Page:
Rates in the downstream energy sector look set to improve in 2019 as re/insurance companies finally take a stand against increasingly poor underwriting results over the last few years, according to analysts at JLT.
The re/insurer’s latest quarterly energy report noted that management oversight and pressure to turn rates around has become significantly more acute following a disappointing fourth quarter in 2018.
The market is expected to incur total downstream losses of $3.75 billion over 2018, of which $1.2 billion relates to property damage and business interruption losses for the months of September and October alone.
These losses far exceed the class annual premium pool of $1.75 billion, JLT observed, and are demonstrably worse than the results of 2017, when natural catastrophes had a profound effect on losses.
Moving into 2019, there are likely to be withdrawals from the class unless the rating environment is changed, with many companies hoping to achieve between a 10% and 20% lift in rate across the book in 2019.
Analysts found that, while rates had generally remained flat during Q3 2018, in Q4 insurers appeared more determined to only accept business that offering at least a nominal rate lift.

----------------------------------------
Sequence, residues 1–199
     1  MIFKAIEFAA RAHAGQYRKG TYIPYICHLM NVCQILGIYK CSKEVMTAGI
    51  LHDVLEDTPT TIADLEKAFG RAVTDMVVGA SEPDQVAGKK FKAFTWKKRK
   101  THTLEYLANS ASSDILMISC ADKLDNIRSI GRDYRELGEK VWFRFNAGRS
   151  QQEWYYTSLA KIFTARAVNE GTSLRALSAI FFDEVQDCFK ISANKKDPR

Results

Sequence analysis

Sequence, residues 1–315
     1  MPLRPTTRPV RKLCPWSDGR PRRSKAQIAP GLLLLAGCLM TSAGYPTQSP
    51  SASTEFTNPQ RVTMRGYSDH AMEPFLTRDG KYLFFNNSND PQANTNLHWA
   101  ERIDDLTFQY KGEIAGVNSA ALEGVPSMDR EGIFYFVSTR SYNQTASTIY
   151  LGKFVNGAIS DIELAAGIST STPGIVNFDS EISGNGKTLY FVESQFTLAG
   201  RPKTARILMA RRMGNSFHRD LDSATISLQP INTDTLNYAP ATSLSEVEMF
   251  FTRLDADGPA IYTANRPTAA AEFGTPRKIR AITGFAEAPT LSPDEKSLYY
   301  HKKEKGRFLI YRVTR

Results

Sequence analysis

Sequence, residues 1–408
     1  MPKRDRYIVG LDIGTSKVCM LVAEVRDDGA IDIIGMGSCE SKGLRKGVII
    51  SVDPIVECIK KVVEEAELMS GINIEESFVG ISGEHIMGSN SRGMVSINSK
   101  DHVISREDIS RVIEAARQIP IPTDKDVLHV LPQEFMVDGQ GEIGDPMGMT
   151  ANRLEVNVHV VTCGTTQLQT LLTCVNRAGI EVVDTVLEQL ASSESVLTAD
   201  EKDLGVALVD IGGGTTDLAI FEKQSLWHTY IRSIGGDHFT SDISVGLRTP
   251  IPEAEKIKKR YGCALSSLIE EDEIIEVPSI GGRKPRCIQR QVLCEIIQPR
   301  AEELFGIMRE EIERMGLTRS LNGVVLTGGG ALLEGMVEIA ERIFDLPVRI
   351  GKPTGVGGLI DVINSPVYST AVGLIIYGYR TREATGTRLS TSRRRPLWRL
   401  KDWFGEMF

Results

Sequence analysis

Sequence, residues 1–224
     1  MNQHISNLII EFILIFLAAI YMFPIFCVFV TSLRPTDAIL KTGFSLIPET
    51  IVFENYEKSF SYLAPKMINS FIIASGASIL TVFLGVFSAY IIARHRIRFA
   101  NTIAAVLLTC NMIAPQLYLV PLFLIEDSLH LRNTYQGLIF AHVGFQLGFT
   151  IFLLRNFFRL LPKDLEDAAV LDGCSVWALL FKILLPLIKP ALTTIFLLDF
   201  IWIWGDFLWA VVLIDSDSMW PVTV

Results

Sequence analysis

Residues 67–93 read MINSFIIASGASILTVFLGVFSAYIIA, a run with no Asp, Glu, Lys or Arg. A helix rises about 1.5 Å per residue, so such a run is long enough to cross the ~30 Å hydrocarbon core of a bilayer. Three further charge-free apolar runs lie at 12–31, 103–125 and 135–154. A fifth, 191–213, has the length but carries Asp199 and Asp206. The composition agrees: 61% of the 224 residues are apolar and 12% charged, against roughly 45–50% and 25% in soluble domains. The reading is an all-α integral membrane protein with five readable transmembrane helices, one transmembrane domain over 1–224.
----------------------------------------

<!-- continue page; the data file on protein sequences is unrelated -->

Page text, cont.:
JLT’s analysis echos recent comments by broker Willis Towers Watson, who argued that price increases in the downstream sector are inevitable following years of unprofitable returns and major losses.
Market premium in the downstream energy sector also continues to be impacted by mergers and acquisitions (M&A) activity, but crack spreads are now dramatically improving and may result in spikes for earned premiums on business interruption if sustained.
JLT claimed that this would bring into focus client perceptions of program limit adequacy and cause those with less risk appetite around earnings to adjust accordingly.
The report noted that, for companies who have tracked the downstream market through its extended soft cycle, expectation should be for modest rate increases on top of an attractive base environment.
However, for those that have taken a more aggressive or opportunistic view during the same period, 2019 will likely prove to be somewhat tougher, analysts suggested.